A common side effect of academia can be moving around a lot. For the first 2 years of my PhD I lived in London, and I am now back in my home town of Brighton, but for a year in between that I lived in Haywards Heath, a semi-rural commuter town on the London-Brighton train line in Sussex. Like Egham in Surrey, it is not the sort of town where you would expect to find protest stickers. It is not the sort of place where you expect to find any alternative politics, to be honest. Nevertheless, I did find protest stickers, although not all of them promoted the left-wing, progressive politics that I normally expect to find.
Last Friday, I went on a walking tour in Brighton about the city’s suffragettes. Organised by Dr. Louise Fitzgerald of the University of Brighton, the tour was given by Karen Antoni, a historian and actress. I have written about protest in my home town before, but I still have a lot to learn, so I was keen to go along and find out more. The event was organised to coincide with the release of the film Suffragette (which I still haven’t seen- I want to see it with my Mum, who is hard of hearing, and subtitled film showings are in woefully short supply!) and The Time is Now Campaign, a series of events focused around film exploring the role women play in affecting change.
With Brighton’s reputation as a cosmpolitan and contentious city, it is no surprise that Brightonians were no strangers to the campaign for women’s suffrage. The Women’s Social and Political Union (WSPU) set up a local branch in 1907, and many of the organisation’s most well known members, such as Christabel Pankhurst, Annie Kenney, and Emily Wilding Davison, came to visit the city. The tour started in Pavilion Gardens, which is bordered by the Royal Pavilion and the Brighton Dome, both of which were used for meetings which the WSPU hosted, and tried to disrupt. We learnt the lyrics to a popular suffragette song, which adapted the well-known Mine Eyes Have Seen the Glory/The Battle Song of the Republic, and sung the song as we travelled around the city. There’s nothing quite like the feeling of singing an empowering song in the middle of the street with over 50 other people, even if we did get a few funny looks!
Glory glory hallelujah, glory glory hallelujah,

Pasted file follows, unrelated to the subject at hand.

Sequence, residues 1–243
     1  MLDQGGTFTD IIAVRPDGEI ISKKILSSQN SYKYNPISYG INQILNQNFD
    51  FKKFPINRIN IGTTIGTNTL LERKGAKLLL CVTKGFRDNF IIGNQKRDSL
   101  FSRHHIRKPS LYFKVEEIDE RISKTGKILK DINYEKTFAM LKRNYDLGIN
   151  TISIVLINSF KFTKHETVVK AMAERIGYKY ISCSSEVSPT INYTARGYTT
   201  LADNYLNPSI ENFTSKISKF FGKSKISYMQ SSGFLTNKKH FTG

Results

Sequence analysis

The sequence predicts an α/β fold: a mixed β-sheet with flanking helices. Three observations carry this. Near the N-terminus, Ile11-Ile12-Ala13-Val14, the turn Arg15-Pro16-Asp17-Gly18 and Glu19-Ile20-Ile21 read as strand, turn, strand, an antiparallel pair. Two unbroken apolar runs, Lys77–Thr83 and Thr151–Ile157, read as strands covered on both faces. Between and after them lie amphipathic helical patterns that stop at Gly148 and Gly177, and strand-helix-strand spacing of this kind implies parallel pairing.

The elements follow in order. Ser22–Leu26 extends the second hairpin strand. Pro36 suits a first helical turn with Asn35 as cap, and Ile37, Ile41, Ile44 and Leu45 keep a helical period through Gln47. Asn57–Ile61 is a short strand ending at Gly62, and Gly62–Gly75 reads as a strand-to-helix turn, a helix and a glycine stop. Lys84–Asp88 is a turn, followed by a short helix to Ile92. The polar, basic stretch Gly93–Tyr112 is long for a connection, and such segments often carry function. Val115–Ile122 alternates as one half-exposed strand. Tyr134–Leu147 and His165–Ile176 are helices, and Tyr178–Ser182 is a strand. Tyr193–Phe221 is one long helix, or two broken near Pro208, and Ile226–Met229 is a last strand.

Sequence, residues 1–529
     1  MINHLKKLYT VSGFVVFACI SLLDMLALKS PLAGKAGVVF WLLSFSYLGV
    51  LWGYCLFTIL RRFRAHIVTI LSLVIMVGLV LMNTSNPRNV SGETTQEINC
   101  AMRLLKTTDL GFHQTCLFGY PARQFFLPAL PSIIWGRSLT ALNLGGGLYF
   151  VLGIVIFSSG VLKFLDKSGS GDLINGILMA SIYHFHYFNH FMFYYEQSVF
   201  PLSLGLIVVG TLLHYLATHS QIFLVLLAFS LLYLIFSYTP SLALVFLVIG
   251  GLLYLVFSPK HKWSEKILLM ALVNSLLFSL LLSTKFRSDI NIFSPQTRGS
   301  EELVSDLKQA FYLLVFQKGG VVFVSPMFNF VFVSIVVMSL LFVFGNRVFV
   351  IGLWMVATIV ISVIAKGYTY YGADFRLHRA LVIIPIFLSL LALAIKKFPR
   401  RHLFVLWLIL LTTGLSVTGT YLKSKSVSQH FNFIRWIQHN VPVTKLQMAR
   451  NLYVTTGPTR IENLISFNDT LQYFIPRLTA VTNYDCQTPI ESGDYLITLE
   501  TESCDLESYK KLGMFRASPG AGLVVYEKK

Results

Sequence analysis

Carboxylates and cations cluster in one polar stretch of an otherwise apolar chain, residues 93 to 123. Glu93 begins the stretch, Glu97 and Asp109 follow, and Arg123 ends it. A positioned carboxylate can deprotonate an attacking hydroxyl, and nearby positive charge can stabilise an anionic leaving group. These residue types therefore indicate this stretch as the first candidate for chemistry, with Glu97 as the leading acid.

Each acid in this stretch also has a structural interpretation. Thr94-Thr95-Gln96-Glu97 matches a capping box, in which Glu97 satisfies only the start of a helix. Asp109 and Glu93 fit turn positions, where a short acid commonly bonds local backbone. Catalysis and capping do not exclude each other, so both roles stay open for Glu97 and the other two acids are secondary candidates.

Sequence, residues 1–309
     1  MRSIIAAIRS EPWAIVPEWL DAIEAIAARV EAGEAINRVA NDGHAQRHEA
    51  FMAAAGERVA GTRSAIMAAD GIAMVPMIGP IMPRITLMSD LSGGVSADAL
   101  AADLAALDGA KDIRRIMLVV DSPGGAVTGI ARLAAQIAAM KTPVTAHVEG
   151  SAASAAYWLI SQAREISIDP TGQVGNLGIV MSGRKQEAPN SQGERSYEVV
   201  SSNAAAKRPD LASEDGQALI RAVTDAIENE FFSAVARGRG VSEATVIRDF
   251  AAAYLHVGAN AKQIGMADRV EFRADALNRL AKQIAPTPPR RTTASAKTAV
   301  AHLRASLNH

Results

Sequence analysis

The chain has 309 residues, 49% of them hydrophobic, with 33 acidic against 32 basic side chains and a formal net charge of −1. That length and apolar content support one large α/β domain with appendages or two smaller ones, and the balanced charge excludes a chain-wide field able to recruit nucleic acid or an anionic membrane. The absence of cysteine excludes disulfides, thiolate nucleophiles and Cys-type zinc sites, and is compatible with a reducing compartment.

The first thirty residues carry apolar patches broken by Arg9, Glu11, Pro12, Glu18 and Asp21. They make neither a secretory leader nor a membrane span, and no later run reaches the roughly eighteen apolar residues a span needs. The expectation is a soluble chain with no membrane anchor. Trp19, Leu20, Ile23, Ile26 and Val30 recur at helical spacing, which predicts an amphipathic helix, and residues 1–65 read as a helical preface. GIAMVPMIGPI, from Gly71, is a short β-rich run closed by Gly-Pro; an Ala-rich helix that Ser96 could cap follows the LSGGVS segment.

Glory, glory hallelujah,
And the cause goes marching on!
Rise up women for the fight is hard and long,
Rise in thousands singing loud a battle song,
Right is might and in its strength we shall be strong,
And the cause goes marching on!
Suffragette song, sung to the tune of Glory glory hallelujah. If the religious reference puts you off, you can always replace ‘hallelujah’ with ‘revolution’, although most of those campaigning for female suffrage would probably not have approved!
The next stop on the tour was the intersection of North Street and West Street/Queen’s Road (the Clock Tower). This is where the headquarters of the Brighton WSPU branch was located, above the Singer Sewing Machine Company. The building is still there, although the ground floor is taken up by more contemporary chain stores now. Just around the corner on Queen Square used to stand a church where a suffragette-themed wedding was held; the wedding vows were adapted accordingly (the wedding was still between a man and a woman, the suffragettes weren’t that radical!)
The next stop was Victoria Road, a short walk from the town centre. Number 13/14 used to be a boarding house called Sea View, run by local suffragette Minnie Turner. By 1913 Minnie’s guest house had a reputation for hosting suffragettes, and in April her windows were stoned by disgruntled locals. Minnie was arrested 3 times for her suffragette activities, and imprisoned in Holloway Prison for 3 weeks in 1911 for breaking a window at the Home Office. In July 1912 Emily Wilding Davison stayed at Sea View whilst recovering from being on hunger strike in prison. The tour finished outside Churchill Square, the city’s main shopping centre, where we had one final sing song.
I have always thought that walking tours are a fantastic way of communicating and engaging with historical research, and this Brighton Suffragette walking tour is no exception. It is informed by 7 years of research- many hours spent trawling though local newspapers and the collections of the Brighton Museum. It is wonderful research, and it is so important that it is accessible to all, academic or otherwise. Walking tours are just one of the many ways to disseminate historical research, but they are a very good one.
A campaign is being started to try and get some blue plaques put up around Brighton honouring the city’s suffragettes. To join the campaign or find out more, check out the Facebook group here.
Sources and Further Reading
Dyhouse, Carol. “Minnie Turner’s “Suffragette Boarding House,”” Clifton Montpelier Powis Community Alliance. Last updated ….accessed on 26/10/15. Available at http://www.cmpcaonline.org.uk/page_id__85_path__0p36p21p55p.aspx
Kisby, Anna. “Found! Suffragettes Hiding in the Brighton Dome.” Brighton Museums. Last updated 11th March 2011, accessed 26th October 2015. Available at http://brightonmuseums.org.uk/discover/2011/03/08/found-suffragettes-hiding-in-the-brighton-dome/
Simkin, John. “Minnie Turner.” Spartacus Educational. Last updated August 2014, accessed 26th October 2015. Available at: http://spartacus-educational.com/WturnerM.htm